I pour a bag of Trader Joe’s salad into a too small metal bowl, then struggle not to make a mess.
“Dang it, I need a better salad bowl. Maybe Etsy— Lisa had a great salad bowl. I wonder what happened to it—.”
It was the perfect sand bowl, very high sides, very deep. One flip of the tongs would coat everything with just enough salad dressing.
Lisa’s been gone now for about a decade. The perfect salad bowl belongs to someone else now. Maybe her widower kept it, although I can’t really picture him making salads. Maybe her partner in the Metal Arts business. Maybe— a garage sale. I don’t know. But that salad bowl reminds me of wonderful conversations in her little Long Beach house, movie nights, crafting things. I’m a terrible crafter, but Lisa was always patient with me. She made huge iron things, furniture, bicycle racks a pair of beautiful Iron Gates that are at an art part a block from my current apartment.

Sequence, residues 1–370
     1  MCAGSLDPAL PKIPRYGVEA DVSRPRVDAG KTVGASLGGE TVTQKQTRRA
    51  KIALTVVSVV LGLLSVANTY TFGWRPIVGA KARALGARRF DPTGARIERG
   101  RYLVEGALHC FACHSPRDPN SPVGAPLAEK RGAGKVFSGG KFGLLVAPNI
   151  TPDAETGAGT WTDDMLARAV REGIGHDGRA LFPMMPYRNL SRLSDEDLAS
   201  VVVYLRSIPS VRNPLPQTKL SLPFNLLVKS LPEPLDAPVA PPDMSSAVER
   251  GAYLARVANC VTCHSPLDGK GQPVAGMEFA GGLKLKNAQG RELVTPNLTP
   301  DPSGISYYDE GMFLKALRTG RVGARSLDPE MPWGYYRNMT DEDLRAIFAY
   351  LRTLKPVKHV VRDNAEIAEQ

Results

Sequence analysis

Lisa died of breast cancer. They thought they had got it, missed one recalcitrant lymph node, and the neoplasms ravaged her.
One time, before she got ill, I was at her house at a crafting group. And we were having a conversation about what happens to us after death. Lisa said she thought the soul was like drops of water, that when we died we all went back to the pond for another go round. I protested, hating the thought of losing my individualness. (I was a punk. What did I know?) I wonder if she already knew about the cancer. I wonder if it comforted her to be a drop of water. I wonder about her powerful essence.
The lymph node got missed because Lisa had been such an empath, that she was comforting the oncologist, who’s mother had just died and something was missed in the tests.
Oh Lisa. There’s no mixing your soul. You’re there in the gate, in the beautiful chair that’s in Lionel’s room. In that damn salad bowl. I hope whoever has it enjoys it’s easy perfection. The easy perfection you always gave to your art.